Leisure riding w/my guys is my fave Sunday activity, but it doesn’t replace my priority — consistent time with the iron.

Try this ~  Now, I’m not saying that you need to turn into an exercise-obsessed-gym-junkie in order to be consistent.  If you choose 6 days a week to be active, that doesn’t necessarily mean you’re at the gym going hard every single day.  You can schedule active rest days (read: take a walk, go hiking, go bike riding) in between weight lifting sessions.  Although you are not throwing weights around every single day, you’re doing more than just taking the day off to sit on the couch, eat nachos, and watch the game with your hubs (save that for after the bike ride :P).

If you truly only have a few days to dedicate to working out, then it is what it is. You may not be able to create more hours in your day, or more days in your week. But if you only have a few days, then you need to get serious about those days and develop some laser beam focus. It’s not always about increasing time or amount of workouts (although the time may come when you’re a vet), yet the intensity should be there. The leisure “feel good” workouts are nice for…feeling good, lol. But if you’re short on time, not new to working out, and want results, each workout should be intense and to the point for the goal that you’re shooting for. Increase weight, be diligent/precise with rest periods, make sure it’s always challenging. Save the leisure workouts for when you have leisure time. And even your leisure workouts should be prioritized (i.e. Pilates/yoga for more core/flexibility focus, over recreational jogging or whatever according to your goal)

Mentality: This really should’ve been mentioned first, because without thinking the right thoughts, consistently, the rest doesn’t stand a chance. If all we ever think about is how “nothing ever works,” and we only weigh, measure, or snap pics to prove our negative thoughts correct…then we can only expect to reap what we sow.  This also gives us an excuse to veer into blame game territory (no-THING ever works, leaves no room for user error).  We have to hold our own feet to the fire, and EXPECT results. IF they don’t happen, we can cross that bridge and troubleshoot when necessary. But if we allow ourselves to dwell on negativity, we will only reap negative results.

By nature we want everything to happen on a massive scale, or change overnight (even when we truly understand how impossible/temporary that concept is).  But if we refuse to consider all progress to be progress, we’ll sabotage ourselves quicker than we can snap that myotape back in place.  We scoff at any seemingly small progress — like only losing one inch in an entire month.  Such an insignificant change for SO much work, we think.  So we get discouraged, and then slack in one area or another (usually while researching or trying something new…again) because we “knew it wouldn’t work anyway.”  This slippery slope type of mentality is what leads to the infamous wheel-spinning, half-week (or month), low/no consistency levels.  I mean, why try so hard for something that doesn’t seem to be working?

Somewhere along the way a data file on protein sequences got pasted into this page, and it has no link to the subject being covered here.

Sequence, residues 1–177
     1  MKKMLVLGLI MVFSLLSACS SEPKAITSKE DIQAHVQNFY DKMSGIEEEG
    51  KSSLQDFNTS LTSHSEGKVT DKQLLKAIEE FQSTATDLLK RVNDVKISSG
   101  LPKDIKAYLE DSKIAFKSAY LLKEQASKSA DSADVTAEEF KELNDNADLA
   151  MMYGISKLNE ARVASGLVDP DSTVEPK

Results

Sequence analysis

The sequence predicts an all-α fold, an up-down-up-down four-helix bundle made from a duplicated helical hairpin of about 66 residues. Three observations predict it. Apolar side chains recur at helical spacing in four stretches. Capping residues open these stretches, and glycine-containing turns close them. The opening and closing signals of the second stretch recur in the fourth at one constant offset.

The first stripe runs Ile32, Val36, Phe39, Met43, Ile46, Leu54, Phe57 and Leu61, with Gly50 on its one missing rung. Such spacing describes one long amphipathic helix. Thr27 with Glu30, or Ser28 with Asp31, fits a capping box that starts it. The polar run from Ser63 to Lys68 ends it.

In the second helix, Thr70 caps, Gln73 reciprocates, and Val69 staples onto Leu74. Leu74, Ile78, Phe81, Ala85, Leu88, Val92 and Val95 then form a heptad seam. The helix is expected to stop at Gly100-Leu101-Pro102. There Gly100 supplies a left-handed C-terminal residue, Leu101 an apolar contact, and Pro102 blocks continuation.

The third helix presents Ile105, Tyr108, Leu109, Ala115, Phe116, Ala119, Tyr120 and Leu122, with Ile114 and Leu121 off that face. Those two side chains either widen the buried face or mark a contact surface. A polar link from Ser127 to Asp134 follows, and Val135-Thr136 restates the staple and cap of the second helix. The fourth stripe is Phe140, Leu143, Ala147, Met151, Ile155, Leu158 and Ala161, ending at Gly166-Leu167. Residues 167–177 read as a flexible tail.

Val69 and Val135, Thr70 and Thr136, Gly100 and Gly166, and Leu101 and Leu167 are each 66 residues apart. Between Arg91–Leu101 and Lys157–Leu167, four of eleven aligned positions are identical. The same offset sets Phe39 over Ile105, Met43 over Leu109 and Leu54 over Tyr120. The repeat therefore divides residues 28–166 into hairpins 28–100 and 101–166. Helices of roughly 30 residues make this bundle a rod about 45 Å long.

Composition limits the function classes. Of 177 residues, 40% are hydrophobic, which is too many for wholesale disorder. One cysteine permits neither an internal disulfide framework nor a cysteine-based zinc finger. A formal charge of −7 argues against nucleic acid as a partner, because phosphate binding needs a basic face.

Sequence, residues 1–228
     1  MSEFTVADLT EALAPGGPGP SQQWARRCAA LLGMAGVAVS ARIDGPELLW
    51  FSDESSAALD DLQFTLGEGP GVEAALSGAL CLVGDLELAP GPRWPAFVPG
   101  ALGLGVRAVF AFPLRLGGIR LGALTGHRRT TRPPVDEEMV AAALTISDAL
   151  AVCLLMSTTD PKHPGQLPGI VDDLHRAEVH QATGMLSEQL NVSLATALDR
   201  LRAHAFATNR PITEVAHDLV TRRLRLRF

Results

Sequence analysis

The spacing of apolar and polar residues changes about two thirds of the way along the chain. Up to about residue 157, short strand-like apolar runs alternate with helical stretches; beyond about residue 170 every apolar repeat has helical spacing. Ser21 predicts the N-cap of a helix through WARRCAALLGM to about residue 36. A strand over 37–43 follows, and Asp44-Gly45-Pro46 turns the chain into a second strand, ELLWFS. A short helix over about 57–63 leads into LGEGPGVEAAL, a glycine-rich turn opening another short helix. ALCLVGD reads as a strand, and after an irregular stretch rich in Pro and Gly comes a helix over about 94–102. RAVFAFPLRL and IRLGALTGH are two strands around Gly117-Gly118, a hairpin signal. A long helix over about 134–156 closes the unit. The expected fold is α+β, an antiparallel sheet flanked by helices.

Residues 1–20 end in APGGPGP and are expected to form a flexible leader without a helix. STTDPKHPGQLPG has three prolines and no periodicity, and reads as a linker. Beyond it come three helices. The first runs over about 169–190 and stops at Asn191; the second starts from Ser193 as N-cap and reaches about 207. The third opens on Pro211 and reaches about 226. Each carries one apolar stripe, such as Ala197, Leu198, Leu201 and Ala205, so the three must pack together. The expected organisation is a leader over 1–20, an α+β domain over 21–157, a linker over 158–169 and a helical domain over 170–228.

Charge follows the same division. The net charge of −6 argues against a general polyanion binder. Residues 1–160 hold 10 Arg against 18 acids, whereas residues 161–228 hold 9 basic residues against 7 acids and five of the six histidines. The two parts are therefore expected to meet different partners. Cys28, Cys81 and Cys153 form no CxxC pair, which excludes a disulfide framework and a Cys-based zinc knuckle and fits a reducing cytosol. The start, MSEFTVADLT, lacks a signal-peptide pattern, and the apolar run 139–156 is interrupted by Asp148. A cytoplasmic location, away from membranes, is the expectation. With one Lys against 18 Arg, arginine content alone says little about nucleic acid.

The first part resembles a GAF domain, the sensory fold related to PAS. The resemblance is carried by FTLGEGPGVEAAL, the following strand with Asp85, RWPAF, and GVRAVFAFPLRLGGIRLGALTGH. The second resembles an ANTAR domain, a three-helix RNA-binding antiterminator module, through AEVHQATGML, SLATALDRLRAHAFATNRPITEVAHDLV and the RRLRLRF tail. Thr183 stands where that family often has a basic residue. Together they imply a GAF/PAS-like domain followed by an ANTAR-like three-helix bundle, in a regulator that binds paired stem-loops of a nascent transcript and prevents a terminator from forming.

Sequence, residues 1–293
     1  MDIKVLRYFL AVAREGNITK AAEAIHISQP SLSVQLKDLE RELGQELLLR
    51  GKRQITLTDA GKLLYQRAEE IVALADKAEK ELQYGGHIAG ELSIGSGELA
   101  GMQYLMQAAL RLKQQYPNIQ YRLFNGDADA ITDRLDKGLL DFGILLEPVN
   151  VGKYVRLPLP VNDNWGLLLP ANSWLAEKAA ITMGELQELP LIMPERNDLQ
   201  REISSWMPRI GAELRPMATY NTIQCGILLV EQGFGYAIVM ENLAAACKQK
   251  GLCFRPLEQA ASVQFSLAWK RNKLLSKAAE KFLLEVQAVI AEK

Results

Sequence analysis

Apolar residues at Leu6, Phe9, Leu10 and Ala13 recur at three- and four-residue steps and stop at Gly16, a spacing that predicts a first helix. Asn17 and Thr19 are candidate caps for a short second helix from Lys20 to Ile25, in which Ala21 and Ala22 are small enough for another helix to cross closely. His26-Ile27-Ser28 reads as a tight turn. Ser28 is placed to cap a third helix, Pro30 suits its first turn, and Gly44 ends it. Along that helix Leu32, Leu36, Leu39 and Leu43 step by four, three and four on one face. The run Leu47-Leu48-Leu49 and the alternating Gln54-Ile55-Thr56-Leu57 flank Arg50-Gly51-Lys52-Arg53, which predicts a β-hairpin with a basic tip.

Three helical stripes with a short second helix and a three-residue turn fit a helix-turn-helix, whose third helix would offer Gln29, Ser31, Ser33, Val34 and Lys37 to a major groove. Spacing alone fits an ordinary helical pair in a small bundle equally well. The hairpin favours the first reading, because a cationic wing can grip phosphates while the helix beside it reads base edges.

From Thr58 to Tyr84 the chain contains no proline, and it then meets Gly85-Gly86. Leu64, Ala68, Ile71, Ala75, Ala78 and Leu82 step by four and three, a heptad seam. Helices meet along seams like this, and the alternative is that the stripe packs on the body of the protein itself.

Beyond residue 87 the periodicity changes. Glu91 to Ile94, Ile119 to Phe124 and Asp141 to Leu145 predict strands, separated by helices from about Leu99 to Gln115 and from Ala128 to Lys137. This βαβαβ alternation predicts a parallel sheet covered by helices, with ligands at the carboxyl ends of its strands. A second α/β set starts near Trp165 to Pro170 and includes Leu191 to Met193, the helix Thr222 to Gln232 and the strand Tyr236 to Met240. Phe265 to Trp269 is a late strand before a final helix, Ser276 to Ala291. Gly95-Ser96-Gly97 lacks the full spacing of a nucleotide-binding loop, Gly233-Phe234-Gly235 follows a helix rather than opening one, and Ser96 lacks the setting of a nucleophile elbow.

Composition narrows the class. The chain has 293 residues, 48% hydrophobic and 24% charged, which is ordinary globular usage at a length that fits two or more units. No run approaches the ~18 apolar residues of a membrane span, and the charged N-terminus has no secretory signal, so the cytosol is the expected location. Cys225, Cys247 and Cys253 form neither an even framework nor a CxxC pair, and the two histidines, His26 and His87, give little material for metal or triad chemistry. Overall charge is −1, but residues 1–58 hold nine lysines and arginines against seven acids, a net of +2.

It doesn’t happen overnight! Angela’s secret to her 1 1/2 year journey: “Don’t be discouraged (progress is progress, no matter how small)…” Check out her story!

This spawns even more negativity — “I just must not be one of the lucky ones…”, “seems like others can eat whatever they want…” “It shouldn’t be this hard” — we land at the place of “Ugh!! I’ve been on this journey for (fill-in-the-blank-amount-of-time) and its just NOT working.” But…if we keep our mentality in check, and take an honest look at our sporadic eating and exercising schedules, what journey have we really been on? One of consistency AND trust? Or one full of one too many “occasional”, “when I can”, and “almosts?”

Try this ~ Religiously set aside a certain day each week to acknowledge any NSVs from the previous week.  Give this activity as much — preferably MORE — weight (excuse the pun) than your scale weigh-in, and take it just as seriously.  Write it down, announce it to the fam on the Forums, MFP, Facebook, Twitter, or Instagram — just as you would if you lost 5, 10, or 20 lbs — it’s that big of a deal, and keeps you mentally focused on all aspects of the journey.

Try to remove words like “only” (or phrases like “not really expecting any changes…”) from your journey vocab, especially when used in the negative.  If you lose “only” an inch one month, keep a progress-minded mentality and remind yourself that clothing sizes are based on inches. There’s only ONE inch difference between most clothing sizes from 0-10, and around 2 inches difference between sizes 12-24.  So only an inch this month, could become 3 sizes smaller if you kept at the exact same rate of progress, for only 8 more weeks. THAT’s the power of consistency in mind, food, and workout.

As in many areas of life, those who put in more work tend to have more success and better results. It’s really quite simple.  Put the Consistency Trifecta to work for you.  Dedicate yourself to the process, believe in it, stick to it, trust and you will reach goals you’d before never imagined possible.